St. Charles OKs new subdivsion inspections

Published 12:00 am Wednesday, November 12, 2008


Staff Reporter

HAHNVILLE — The St. Charles Council voted to approve a measure requiring that new subdivisions be inspected by a parish-sanctioned inspector a year after the development is approved.

District 4 Councilman Paul Hogan, who is employed by a developer in the parish, introduced the ordinance and stated that it would prevent the parish from having to repair faulty utility lines and substandard roads and streets.

“On occasion things are found that are not initially noticed,” said Hogan. “Anything that breaks within a year, the developer is responsible for fixing it.”

St. Charles Director of Public Works Sam Scholle said the ordinance is necessary since there is currently no formal method in place regarding inspections of new subdivisions.

The measure was well received by the entire council, and by Parish President V.J. St. Pierre, but discussion went on for several minutes as St. Pierre and the council debated over who should pay the fees for the inspection. The council eventually moved to amend the ordinance to include language that mandates the developer pay a $1,000 fee for the inspection with any unused money being reimbursed once inspection is complete.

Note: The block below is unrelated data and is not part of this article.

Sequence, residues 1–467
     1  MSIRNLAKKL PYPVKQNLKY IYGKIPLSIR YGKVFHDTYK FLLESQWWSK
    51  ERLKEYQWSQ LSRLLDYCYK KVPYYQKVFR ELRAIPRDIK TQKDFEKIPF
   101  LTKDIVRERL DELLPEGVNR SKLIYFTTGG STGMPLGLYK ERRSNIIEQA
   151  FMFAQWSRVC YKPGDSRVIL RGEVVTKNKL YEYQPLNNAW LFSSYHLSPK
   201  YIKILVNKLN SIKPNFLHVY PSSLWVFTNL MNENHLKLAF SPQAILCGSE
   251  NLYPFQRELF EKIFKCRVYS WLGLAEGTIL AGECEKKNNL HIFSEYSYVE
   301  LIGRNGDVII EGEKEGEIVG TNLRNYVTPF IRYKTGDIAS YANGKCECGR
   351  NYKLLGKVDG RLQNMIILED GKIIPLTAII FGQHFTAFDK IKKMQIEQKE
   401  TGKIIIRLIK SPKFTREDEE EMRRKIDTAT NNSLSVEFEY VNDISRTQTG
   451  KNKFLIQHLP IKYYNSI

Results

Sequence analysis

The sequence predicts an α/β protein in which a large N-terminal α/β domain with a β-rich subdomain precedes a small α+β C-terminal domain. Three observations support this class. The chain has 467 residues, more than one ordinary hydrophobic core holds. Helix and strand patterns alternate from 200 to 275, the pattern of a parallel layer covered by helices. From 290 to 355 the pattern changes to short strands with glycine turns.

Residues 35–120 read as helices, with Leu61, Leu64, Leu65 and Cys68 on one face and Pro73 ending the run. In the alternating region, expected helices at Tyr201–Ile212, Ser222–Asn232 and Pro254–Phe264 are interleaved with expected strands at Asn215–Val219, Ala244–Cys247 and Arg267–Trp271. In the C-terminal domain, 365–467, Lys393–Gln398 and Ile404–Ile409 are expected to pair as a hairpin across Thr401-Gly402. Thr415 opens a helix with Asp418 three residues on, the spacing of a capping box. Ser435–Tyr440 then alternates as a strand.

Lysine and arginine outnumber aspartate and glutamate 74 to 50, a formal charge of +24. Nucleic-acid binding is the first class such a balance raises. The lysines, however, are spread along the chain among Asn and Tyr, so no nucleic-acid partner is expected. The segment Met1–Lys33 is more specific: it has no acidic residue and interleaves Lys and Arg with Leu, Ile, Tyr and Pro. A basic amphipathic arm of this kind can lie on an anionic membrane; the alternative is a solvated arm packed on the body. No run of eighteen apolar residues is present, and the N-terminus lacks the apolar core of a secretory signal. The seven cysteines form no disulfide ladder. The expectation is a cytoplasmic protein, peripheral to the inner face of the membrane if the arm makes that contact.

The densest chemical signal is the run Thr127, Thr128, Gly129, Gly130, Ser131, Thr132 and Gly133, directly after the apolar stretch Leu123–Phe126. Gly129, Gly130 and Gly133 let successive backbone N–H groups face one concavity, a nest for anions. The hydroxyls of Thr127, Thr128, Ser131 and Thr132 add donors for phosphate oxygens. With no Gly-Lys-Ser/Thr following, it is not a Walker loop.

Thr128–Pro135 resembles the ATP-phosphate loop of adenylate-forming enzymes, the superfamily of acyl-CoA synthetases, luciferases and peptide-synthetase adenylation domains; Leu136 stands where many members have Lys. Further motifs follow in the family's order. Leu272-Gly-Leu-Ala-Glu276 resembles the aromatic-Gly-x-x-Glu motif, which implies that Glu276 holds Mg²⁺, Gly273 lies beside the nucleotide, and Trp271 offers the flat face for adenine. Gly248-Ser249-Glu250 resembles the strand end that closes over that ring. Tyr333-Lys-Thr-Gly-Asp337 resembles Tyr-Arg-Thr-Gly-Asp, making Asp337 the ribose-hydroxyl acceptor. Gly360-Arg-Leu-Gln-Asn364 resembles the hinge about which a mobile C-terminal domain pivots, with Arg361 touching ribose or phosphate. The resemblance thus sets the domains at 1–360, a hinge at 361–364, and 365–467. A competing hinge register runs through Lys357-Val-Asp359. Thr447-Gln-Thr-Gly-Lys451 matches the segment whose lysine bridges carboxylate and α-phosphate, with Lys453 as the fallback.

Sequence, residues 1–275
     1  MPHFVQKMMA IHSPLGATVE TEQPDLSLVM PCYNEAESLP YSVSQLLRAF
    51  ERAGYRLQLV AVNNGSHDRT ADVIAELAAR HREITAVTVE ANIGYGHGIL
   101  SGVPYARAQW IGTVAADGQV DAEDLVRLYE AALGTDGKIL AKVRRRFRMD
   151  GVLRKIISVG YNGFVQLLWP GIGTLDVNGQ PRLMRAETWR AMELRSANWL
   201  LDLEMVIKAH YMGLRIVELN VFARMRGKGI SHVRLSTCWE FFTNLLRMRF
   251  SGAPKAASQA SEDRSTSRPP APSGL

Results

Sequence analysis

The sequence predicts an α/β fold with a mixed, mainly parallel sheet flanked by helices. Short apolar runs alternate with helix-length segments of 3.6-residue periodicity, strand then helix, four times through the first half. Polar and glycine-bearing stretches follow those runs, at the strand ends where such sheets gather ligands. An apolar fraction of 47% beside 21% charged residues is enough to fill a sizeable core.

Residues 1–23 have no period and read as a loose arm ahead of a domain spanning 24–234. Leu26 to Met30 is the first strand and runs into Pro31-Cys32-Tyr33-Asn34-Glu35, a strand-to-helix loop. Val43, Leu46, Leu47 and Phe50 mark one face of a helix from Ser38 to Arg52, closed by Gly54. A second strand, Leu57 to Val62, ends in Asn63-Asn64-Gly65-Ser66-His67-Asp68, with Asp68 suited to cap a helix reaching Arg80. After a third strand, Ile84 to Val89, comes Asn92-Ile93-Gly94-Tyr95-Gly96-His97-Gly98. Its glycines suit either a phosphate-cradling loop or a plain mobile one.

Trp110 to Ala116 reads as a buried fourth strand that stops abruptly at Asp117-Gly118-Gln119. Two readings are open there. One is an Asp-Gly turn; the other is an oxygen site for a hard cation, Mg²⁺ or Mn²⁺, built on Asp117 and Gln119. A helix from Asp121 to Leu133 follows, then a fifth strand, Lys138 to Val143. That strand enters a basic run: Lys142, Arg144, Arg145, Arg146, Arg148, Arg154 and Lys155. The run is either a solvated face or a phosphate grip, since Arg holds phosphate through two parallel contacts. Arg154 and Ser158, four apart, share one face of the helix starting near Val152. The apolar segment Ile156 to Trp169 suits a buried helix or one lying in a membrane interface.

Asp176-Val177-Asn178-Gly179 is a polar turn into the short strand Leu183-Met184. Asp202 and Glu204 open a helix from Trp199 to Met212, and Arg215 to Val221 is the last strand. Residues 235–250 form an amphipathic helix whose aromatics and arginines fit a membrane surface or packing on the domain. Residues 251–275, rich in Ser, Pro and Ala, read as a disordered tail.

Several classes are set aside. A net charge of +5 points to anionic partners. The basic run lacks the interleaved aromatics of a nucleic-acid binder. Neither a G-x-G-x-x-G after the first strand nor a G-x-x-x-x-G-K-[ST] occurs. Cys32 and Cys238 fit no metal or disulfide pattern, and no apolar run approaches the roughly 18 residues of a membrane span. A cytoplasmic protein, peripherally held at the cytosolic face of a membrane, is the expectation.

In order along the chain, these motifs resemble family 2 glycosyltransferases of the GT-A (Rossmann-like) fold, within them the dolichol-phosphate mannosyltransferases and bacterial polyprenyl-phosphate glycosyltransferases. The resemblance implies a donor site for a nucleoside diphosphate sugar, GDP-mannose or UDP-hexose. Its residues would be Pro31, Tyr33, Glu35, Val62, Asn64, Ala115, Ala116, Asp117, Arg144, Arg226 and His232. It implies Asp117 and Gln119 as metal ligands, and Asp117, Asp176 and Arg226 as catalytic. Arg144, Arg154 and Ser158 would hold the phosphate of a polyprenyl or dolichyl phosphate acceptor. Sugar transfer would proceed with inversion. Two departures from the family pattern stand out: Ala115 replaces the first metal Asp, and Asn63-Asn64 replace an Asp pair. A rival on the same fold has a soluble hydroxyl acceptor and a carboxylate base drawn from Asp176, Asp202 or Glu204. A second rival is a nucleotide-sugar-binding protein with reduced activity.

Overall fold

“New subdivisions should not be called complete until final inspection takes place after a year,” St. Pierre said. “There should also be a first inspection after six months. I think we should also consider making the developer pay for the inspection.”

Although he originally sponsored the measure, Hogan voted against the final draft of the ordinance because he did not agree that the developer should pay for the inspection.

“The developer puts up a 10 percent performance bond before construction begins, which covers issues like streets and sewers,” Hogan said. “The developer already pays an assortment of fees and should not be burdened to foot the bill for inspections.”

Also voting against the amended ordinance were Council Chairman Dennis Nuss and District 6 Councilman Marcus Lambert, who believed that the fee should be broader.

“It is a good ordinance otherwise,” said Lambert.

In other action, the council voted unanimously to approve a measure that clearly defines loitering laws within the parish and sets a fine of $100 for first offenses. The ordinance, which mirrors loitering laws in Jefferson Parish, includes all public places of business as well as after-hours loitering in parks.